Teaching Guide: Exploring the Motivations and Realities of Life in the Colonies

This teaching guide helps instructors use a specific primary source set, The Colonies: Motivations and Realities, in the classroom. It offers discussion questions, classroom activities, and primary source analysis tools. It is intended to spark pedagogical creativity by giving a sample approach to the material. Please feel free to share, reuse, and adapt the resources in this guide for your teaching purposes.

Discussion questions

  1. According to the accounts of cases prosecuting Quakers, the summary of Quaker beliefs, and the pamphlet defending the position of the Quakers, what were the key beliefs and practices of the Quakers that brought them into conflict with British authorities? How were these Quaker actions addressed by British officials?

  2. Using specific examples drawn from the summary of Quaker beliefs and the pamphlet defending the position of the Quakers, summarize the arguments for and against the rights of Quakers in England.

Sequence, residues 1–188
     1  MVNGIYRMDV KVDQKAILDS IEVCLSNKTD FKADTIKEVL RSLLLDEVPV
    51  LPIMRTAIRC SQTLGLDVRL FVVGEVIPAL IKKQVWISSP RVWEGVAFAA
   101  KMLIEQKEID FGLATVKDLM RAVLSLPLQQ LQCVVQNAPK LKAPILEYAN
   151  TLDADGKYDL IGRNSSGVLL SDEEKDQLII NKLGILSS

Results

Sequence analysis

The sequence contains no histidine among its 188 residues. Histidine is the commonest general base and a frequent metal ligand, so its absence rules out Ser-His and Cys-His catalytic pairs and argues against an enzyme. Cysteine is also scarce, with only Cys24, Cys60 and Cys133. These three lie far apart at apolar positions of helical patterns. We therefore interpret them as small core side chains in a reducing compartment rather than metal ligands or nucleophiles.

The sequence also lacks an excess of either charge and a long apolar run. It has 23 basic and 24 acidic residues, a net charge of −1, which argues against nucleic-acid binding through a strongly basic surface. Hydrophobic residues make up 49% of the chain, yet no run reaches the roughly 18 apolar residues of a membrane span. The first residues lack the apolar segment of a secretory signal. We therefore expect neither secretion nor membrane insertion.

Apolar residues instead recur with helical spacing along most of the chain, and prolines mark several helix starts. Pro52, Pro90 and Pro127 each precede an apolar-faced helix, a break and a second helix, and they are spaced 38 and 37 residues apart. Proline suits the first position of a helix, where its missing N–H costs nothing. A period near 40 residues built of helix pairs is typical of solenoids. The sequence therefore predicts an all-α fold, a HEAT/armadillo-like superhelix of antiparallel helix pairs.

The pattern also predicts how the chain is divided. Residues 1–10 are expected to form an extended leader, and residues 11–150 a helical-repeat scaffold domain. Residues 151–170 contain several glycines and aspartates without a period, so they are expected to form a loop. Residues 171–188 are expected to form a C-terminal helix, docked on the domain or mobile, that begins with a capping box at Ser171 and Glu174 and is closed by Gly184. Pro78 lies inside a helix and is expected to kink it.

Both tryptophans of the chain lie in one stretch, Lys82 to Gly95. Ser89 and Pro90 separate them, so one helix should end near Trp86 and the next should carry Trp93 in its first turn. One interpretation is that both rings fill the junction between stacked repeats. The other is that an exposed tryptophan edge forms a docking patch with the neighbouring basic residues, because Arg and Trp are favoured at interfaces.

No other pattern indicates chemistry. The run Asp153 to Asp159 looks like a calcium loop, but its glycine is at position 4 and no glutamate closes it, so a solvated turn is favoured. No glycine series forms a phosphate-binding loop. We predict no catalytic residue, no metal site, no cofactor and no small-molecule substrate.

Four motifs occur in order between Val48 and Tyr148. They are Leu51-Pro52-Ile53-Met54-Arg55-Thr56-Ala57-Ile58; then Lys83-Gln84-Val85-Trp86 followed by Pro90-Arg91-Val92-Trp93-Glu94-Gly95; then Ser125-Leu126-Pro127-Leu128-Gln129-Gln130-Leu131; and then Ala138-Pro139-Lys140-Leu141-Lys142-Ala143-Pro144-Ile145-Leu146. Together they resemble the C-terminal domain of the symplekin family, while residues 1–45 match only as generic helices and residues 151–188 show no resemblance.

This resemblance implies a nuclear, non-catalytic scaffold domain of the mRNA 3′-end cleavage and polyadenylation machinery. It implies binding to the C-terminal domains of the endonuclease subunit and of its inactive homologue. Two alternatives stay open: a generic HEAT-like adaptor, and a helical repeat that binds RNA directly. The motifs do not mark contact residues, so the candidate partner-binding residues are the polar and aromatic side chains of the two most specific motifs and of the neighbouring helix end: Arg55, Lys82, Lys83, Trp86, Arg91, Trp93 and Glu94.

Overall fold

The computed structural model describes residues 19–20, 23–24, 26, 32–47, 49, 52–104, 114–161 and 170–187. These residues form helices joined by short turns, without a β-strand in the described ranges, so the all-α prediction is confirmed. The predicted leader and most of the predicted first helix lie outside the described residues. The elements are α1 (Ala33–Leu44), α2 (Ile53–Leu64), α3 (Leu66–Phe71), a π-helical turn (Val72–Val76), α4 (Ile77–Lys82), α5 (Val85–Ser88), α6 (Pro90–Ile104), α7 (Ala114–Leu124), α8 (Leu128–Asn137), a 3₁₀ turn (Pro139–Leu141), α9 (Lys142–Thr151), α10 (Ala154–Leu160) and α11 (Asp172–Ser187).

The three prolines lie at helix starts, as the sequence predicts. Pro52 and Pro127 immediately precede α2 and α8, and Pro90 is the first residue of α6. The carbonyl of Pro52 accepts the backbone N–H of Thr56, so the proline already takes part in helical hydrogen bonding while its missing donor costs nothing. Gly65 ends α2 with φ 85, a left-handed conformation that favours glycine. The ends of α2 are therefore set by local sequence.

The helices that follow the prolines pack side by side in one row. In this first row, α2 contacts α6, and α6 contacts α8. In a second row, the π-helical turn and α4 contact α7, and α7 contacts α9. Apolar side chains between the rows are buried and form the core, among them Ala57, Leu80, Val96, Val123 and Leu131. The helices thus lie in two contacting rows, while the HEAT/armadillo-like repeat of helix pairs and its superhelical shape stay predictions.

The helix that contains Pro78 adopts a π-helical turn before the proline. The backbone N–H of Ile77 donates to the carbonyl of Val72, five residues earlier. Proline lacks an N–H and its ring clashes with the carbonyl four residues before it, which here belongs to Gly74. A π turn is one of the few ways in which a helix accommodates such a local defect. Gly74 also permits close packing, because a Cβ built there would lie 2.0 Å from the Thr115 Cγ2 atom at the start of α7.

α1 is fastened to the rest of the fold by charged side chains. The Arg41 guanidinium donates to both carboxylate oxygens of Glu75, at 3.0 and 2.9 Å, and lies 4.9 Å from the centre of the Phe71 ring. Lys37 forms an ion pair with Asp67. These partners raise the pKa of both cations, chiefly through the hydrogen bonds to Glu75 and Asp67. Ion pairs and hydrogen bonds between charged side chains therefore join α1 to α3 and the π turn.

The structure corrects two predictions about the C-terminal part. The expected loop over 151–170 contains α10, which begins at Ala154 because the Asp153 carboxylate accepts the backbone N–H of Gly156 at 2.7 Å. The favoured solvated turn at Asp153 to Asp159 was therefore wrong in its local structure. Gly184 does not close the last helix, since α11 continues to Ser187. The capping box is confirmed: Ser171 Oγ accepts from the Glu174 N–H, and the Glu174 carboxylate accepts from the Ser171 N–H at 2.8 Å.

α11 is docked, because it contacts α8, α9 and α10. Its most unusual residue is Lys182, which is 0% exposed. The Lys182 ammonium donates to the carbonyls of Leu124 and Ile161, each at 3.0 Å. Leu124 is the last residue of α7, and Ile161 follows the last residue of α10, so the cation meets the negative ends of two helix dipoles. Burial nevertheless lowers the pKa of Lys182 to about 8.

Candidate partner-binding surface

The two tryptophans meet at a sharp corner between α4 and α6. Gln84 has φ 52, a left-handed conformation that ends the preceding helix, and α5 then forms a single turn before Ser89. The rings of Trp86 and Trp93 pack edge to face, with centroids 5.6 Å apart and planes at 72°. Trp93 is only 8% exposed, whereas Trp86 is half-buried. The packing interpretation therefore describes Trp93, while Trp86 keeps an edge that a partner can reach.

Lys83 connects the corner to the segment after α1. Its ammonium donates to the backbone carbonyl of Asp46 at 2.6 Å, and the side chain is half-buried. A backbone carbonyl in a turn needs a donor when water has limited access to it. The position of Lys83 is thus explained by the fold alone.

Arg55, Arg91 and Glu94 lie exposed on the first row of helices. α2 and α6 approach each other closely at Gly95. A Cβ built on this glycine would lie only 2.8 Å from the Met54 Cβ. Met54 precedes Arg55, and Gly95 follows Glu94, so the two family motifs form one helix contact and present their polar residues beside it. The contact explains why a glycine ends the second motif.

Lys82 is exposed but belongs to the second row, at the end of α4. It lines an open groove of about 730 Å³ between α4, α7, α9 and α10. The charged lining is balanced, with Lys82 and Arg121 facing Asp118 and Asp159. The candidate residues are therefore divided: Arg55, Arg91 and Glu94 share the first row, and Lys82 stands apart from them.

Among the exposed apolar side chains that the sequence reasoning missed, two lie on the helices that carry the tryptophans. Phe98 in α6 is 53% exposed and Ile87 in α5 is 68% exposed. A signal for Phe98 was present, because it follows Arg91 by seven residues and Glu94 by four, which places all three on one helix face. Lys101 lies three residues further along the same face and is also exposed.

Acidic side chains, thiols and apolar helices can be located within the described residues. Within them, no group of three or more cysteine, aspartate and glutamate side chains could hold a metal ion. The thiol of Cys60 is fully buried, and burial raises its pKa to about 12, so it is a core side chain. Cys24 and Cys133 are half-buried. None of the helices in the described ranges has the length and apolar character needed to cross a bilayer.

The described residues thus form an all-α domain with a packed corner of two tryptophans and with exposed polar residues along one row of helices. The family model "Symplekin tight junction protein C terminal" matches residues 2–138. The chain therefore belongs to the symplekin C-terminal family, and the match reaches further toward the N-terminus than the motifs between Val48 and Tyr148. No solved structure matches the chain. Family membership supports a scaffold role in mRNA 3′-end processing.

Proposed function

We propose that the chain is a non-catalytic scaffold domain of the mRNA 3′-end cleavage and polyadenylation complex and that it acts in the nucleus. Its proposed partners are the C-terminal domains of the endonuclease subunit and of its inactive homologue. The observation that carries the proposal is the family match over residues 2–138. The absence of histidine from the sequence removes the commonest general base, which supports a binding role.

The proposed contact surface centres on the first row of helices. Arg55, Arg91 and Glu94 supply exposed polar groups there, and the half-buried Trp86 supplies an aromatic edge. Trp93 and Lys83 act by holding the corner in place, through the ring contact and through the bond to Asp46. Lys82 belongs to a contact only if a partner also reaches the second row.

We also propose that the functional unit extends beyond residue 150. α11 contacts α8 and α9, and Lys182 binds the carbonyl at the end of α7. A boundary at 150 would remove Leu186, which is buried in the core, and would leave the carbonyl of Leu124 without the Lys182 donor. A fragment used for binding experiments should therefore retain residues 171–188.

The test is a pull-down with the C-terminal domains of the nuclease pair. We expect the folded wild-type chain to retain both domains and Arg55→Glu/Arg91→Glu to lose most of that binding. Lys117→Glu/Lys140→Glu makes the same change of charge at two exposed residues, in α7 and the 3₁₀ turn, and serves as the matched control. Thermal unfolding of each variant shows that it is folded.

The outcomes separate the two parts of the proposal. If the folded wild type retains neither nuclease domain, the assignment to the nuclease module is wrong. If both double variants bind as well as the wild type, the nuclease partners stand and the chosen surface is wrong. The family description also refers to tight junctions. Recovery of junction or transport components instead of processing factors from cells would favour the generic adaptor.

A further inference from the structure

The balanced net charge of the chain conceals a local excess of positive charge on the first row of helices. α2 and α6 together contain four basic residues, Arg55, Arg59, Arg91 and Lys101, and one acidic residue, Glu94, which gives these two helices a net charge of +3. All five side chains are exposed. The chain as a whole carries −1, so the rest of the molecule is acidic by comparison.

3. According to the letter to Sir Robert Walpole, what did the term “balance of trade” mean? Why was it important to the role of the colonies within the British Empire? How did Henry McCulloh describe the relationship between the colonies and England? How did he think that relationship could be improved?

  4. Describe the colony of Georgia from the five visual sources presented. Include in your descriptions rivers, other natural features, English towns, and Native American settlements. Does the information in your description help you to understand the meaning of the letter from Henry Ellis to the warriors and headmen of the Creek Nation? What is at stake in this discussion?

Classroom activities

Divide students into groups of four or five. Drawing on these materials and other information covered in the course, have groups consider the various motives for colonization. Have some groups determine the reasons individual colonists had for journeying to North America. Have other groups determine the reasons behind the English government’s support of colonization. In whole group discussion, have students’ representatives report their group findings. Then have students as a class predict the tensions that will arise from these distinct goals.

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